The Sleepers – The Less an Object – Review

The Sleepers

The Less an Object (Tim/Kerr)
by Lex Marburger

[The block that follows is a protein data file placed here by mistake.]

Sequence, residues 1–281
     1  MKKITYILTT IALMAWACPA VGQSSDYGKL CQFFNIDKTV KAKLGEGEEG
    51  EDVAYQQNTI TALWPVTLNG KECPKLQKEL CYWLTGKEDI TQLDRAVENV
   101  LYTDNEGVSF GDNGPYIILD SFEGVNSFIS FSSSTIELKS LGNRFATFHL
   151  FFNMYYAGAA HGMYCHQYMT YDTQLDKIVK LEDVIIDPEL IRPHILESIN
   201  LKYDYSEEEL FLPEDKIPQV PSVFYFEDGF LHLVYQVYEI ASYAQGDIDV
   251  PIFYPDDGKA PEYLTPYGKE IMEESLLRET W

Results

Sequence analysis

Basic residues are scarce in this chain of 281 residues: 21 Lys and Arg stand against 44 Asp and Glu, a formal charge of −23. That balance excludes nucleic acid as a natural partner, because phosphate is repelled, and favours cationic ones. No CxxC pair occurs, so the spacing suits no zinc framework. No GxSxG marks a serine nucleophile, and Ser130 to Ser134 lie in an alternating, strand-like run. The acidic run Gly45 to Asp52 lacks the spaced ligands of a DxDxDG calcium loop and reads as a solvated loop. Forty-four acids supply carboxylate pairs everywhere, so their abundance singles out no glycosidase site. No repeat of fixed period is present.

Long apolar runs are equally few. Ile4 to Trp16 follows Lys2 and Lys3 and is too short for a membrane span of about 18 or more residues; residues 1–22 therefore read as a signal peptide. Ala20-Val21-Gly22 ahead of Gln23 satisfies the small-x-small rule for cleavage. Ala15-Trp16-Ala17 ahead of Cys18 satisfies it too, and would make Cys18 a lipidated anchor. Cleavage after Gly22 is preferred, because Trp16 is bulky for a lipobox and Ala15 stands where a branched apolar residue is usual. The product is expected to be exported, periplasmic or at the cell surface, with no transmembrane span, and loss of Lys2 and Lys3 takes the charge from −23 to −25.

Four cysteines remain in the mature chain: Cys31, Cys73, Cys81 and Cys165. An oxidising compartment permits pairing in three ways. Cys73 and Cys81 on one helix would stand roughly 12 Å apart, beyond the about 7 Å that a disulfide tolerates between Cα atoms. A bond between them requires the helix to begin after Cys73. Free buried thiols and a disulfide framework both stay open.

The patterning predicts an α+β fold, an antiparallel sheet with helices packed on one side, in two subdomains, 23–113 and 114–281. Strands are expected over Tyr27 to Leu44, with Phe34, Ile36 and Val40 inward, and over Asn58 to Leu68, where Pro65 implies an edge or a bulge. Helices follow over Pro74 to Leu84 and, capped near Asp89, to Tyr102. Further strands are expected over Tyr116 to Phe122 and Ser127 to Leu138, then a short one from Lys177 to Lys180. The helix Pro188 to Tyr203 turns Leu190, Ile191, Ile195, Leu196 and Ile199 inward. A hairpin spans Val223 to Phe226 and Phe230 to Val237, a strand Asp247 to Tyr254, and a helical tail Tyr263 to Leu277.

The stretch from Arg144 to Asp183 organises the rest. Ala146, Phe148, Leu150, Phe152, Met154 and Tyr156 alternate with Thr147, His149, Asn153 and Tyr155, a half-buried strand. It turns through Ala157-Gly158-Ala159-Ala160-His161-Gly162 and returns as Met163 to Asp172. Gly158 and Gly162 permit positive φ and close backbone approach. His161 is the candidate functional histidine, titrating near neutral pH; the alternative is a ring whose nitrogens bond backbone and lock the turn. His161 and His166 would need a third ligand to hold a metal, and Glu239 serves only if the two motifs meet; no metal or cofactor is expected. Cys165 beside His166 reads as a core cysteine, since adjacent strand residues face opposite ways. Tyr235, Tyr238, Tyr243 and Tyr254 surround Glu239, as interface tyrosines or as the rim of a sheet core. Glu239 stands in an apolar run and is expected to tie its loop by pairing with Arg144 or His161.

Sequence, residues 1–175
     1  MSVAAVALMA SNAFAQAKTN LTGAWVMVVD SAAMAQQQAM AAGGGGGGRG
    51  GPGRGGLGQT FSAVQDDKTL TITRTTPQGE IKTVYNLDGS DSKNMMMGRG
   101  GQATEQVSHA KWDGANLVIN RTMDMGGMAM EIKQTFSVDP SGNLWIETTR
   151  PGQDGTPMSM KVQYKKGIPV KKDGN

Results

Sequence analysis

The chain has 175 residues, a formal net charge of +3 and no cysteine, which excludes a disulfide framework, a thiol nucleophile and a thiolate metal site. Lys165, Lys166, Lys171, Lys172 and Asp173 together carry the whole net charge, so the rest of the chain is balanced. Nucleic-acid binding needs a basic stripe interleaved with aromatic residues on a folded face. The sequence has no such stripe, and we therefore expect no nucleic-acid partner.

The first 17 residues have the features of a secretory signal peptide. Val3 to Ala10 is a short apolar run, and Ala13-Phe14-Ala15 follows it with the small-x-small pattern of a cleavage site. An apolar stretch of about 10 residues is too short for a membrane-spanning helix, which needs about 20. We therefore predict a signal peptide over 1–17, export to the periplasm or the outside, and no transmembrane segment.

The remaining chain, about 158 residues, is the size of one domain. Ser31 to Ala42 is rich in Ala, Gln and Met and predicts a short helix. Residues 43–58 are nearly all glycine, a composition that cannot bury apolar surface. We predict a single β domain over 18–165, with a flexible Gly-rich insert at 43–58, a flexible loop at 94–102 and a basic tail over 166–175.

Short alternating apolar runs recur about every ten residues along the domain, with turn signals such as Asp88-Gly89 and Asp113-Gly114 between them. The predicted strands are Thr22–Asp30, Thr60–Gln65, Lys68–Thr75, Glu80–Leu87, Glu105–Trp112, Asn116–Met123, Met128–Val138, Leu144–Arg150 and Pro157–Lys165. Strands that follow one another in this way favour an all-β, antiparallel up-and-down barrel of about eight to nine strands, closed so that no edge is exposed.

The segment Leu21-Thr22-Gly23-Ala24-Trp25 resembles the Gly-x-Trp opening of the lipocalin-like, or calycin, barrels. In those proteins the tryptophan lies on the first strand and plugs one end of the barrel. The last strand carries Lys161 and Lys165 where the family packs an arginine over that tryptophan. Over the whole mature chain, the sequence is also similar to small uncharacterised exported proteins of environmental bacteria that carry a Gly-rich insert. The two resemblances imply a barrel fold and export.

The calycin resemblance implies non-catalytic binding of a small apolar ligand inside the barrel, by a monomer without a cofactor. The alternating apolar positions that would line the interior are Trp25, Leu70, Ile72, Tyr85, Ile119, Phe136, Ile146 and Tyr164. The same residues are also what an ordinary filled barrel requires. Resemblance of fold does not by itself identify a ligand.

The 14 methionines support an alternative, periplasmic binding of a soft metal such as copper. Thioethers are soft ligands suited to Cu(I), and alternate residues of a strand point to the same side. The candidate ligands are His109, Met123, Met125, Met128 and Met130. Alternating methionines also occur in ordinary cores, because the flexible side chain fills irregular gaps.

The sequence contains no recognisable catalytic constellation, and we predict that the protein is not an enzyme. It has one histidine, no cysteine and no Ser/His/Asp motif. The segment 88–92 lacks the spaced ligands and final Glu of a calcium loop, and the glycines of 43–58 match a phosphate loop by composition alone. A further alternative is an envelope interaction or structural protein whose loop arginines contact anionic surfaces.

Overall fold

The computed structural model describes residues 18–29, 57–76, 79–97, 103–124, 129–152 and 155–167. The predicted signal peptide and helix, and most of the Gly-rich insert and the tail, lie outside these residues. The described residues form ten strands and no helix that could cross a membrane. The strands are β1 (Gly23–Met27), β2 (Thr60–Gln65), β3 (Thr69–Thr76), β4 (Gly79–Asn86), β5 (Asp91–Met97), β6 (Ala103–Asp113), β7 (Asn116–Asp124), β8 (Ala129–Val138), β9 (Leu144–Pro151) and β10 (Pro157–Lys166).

The late ’70s saw a lot of punk come and go that was centered around London, Detroit, and New York. It turns out that there was a powerful scene in San Francisco, most notably The Sleepers. Part MC5, part Iggy and the Stooges, part Hawkwind; The Sleepers didn’t have the three chord buzzsaw guitar of the Ramones, they were punks as defined by Lester Bangs (guru of music critics – get Psychotic Reactions and Carburetor Dung now!): A bunch of kids who would cut loose and do their own shit, regardless of what the hell people thought about them. On their compilation/re-release, The Less an Object, they show their talent for spontaneous composition, for creating new forms mid-song, mutating from one key to another, following each other, no leader. Jello Biafra used to say, “I saw whole Sleepers albums come and go, as the band got tired of songs and wrote new ones.” The Sleepers have a sound that pre-dates PiL and Joy Division, haunting and carefree with discomfort. Imagine if a Detroit punk did a lot of acid, visited an opium den and met the Buddha, who told him to “rock the fuck on,” and then handed him a gun. That’s what The Sleepers are like.

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